In order to promote a legal aid system, the Chinese Government established the Legal Aid Center under the Ministry of Justice in December 1996. Zheng Ziwen, chief of the center’s research division, was one of its founders and he has witnessed its growth. Zheng plays an important role in drafting almost all of the government policy documents in this field. In a recent interview with Beijing Review, he spoke about the current difficulties and development trends for this project.
Beijing Review: How many stages has the development of China’s legal aid system experienced?
Zheng Ziwen: Straddling the dividing line between two stages in the development of China’s legal aid system, the Regulations on Legal Aid were proclaimed by the State Council in 2003. The initial stage had a difficult beginning because this was new territory, even for legal experts. So the initial steps were limited to translating foreign law books and communicating with local governments in order to get more support for the establishment of a legal aid system.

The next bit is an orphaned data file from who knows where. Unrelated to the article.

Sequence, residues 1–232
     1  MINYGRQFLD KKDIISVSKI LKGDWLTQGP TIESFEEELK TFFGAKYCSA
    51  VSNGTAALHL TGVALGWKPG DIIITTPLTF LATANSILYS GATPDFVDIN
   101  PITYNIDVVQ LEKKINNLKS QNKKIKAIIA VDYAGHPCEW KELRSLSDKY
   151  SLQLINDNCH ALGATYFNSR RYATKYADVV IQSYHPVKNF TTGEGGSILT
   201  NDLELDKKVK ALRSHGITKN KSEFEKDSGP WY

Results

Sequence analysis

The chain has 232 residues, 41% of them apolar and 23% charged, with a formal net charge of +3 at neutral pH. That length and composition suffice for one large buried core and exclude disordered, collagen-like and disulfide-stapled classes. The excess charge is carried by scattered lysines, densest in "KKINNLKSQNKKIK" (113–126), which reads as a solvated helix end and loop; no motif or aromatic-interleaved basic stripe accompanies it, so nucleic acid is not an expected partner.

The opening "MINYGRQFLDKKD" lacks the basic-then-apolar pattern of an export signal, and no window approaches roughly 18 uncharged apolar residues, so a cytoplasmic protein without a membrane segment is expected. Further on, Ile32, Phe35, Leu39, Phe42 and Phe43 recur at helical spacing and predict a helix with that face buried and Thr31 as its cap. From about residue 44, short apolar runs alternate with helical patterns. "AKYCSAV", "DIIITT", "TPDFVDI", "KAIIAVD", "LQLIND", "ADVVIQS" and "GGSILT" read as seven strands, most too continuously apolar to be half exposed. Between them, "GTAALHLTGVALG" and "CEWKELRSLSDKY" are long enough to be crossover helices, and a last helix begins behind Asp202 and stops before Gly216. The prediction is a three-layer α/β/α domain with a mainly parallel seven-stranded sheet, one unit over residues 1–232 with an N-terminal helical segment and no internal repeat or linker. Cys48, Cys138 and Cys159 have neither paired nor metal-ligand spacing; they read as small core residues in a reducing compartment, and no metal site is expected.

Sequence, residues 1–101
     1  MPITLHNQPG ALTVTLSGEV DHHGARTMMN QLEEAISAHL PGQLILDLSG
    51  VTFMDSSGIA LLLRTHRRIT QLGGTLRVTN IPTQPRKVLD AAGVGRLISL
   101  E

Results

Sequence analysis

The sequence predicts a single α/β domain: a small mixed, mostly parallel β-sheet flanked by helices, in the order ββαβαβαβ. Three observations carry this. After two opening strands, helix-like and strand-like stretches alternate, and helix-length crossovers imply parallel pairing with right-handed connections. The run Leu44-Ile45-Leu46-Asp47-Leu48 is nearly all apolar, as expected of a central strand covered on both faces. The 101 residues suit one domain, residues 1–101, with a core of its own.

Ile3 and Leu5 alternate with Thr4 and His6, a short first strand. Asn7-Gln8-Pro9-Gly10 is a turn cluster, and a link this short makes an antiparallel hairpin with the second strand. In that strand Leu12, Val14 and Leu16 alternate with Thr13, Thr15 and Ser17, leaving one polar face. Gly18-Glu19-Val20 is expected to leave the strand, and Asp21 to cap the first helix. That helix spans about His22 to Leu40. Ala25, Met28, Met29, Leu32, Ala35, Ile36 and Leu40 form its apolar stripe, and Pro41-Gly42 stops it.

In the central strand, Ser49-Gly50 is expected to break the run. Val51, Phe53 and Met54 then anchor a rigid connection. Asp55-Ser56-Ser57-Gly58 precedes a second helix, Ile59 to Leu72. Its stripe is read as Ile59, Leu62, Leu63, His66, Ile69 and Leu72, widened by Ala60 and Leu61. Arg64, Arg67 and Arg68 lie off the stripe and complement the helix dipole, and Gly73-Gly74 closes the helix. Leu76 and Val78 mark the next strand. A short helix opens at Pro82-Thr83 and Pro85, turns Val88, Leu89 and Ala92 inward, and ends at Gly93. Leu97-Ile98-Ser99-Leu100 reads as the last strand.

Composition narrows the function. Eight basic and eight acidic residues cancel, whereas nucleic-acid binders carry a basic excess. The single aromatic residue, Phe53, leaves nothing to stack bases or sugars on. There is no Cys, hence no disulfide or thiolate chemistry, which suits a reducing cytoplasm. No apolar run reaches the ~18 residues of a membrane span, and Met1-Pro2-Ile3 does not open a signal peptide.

In 2003, the regulations clarified that legal aid was the duty of the government and also a basic right of citizenship. With the support of the regulations, the process went more smoothly and the different levels of government also help to facilitate our work from that year. Since 2005, the Central Government has transferred 50 million yuan to poor areas specifically for legal aid, and this fund will increase significantly in 2007.
Does the present level of legal aid in China match the national economic and social development?
Frankly, the development of legal aid in China has experienced some detours and turbulence, which are the products both of our system and some objective factors in the legal environment. However, every new thing experiences this phase. So I believe its development matches China’s economic and social situation when we take an overview of the progress and trend of China’s legal aid system.